The book is divided into sections profiling each sorority and fraternity. Each section contains a historical overview, interviews with an undergraduate and a graduate chapter, profiles and lists of prominent members, messages from the national president/basileus/polemarch and pictures dating back to the early years. This is followed by a section entitled Achievers Talk which consists of interviews with members such as Spencer Christian, Nikki Giovanni, Gwendolyn Goldsby Grant, Cynthia Horner, John H. Johnson, Julian Malveaux, Shaquille O'Neal, Tavis Smiley, Faye Wattleton, just to name a few. They each speak about what membership means to them and impart an important message that they feel fraters and sorors should hear. The author follows this section with information from the National Pan Hellenic Council and procedures for those who are seeking membership.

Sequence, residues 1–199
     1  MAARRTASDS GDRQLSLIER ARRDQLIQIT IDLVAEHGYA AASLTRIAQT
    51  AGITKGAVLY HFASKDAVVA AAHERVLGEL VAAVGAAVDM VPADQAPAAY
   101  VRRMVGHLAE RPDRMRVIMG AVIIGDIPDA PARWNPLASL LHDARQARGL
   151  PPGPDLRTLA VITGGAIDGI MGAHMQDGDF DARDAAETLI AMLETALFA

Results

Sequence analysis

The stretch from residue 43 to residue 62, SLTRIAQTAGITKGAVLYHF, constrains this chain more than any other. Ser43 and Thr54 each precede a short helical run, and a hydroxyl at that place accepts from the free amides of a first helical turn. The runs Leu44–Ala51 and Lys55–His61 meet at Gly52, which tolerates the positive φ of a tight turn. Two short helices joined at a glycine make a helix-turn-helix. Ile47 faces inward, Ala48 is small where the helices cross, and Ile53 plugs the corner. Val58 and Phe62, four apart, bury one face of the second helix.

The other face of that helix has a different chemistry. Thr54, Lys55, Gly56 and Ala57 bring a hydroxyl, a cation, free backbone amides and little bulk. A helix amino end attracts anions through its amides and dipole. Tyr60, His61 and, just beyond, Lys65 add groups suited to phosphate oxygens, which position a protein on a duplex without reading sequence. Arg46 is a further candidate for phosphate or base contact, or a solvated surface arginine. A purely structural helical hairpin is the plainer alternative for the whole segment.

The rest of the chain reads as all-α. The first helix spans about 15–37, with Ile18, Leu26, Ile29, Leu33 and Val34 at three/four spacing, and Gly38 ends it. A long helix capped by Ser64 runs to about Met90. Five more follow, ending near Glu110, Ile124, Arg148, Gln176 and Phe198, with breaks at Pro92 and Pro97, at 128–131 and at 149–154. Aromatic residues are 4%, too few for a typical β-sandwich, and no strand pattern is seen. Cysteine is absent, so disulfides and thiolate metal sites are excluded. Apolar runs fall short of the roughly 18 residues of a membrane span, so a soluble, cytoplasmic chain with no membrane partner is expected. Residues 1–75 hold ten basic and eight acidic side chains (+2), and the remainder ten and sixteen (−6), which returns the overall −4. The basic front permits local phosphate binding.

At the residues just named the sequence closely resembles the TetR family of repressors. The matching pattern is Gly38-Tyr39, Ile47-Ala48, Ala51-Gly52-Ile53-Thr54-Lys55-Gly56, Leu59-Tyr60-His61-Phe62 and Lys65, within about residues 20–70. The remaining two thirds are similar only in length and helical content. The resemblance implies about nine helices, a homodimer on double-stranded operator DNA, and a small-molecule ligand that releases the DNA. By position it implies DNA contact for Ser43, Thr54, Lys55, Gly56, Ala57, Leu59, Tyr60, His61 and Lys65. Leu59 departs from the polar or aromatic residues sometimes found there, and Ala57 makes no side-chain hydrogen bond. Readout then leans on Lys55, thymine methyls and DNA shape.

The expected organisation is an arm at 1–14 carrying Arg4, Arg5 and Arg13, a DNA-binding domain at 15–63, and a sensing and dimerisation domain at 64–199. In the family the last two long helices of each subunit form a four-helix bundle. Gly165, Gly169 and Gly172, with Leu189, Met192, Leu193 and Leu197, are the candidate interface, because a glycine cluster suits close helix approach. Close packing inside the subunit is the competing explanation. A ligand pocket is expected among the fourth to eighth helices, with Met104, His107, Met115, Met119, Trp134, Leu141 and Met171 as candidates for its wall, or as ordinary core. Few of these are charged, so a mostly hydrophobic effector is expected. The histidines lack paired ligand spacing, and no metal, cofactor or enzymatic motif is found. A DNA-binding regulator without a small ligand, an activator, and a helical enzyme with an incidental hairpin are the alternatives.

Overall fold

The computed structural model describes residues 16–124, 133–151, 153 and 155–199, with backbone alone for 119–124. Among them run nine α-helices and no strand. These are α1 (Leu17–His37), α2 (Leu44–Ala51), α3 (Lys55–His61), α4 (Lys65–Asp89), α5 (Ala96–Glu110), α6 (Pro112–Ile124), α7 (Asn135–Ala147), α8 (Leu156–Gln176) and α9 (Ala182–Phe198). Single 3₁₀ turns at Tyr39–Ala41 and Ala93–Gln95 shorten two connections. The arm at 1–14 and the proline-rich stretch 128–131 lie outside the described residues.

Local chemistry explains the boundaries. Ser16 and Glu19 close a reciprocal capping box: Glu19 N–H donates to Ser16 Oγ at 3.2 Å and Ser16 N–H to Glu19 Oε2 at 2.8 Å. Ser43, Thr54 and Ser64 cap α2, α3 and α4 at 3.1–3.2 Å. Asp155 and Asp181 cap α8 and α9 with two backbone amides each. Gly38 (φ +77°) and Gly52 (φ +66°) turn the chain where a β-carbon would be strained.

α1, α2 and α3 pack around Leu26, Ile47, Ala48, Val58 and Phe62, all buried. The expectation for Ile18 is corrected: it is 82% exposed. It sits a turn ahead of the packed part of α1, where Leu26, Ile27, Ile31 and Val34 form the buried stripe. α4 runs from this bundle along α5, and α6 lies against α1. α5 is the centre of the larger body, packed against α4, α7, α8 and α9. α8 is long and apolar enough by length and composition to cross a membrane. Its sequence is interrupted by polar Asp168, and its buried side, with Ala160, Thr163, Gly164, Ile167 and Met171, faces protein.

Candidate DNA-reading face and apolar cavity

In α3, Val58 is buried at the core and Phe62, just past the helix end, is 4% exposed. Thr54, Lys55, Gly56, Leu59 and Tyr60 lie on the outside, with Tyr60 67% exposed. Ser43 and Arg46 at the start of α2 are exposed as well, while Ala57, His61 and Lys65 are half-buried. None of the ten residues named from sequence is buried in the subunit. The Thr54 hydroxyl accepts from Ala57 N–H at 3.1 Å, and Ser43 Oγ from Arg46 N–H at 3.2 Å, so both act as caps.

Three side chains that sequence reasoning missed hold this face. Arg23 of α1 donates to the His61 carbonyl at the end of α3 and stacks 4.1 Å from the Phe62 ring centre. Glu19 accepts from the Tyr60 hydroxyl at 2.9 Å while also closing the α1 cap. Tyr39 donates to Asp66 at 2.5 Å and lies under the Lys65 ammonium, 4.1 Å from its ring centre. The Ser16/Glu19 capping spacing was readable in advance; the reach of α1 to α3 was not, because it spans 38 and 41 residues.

Our organizations could not have done a better public relations job. There are no secrets revealed, just great accomplishments. The recurring theme is our achievements as organizations and those of individual members.
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Format: Hardcover
I was very disappointed in the book. I felt that the book was written for the benefit of people interested in Black Greek Life or men interested in Alpha. For all of the hoopla surrounding this book, it's written more like several long drawn out magazine articles than it is a book(I am still trying to figure out the point of including an interview section). I found that it did not read as smoothly as a "real" novel would. I found it interesting that he spent double the amount of pages talking about his organization, Alpha Phi Alpha than any other(40 vs. 20). I found him to be biased in his view of some of the fraternities in regards to what he included. Also, some of the "history" that he included about those fraternities is questionable. And finally, I found that the interview section of supposed prominent greeks to be uninteresting. Had he spent more time on research and actually learning about the other organizations as opposed to taking things out of their history books, I would have enjoyed the book. So, basically, I would recommend the book to someone trying to get an insight onto Black Greek Life but not to a fellow Black Greek(It's just not worth the $30).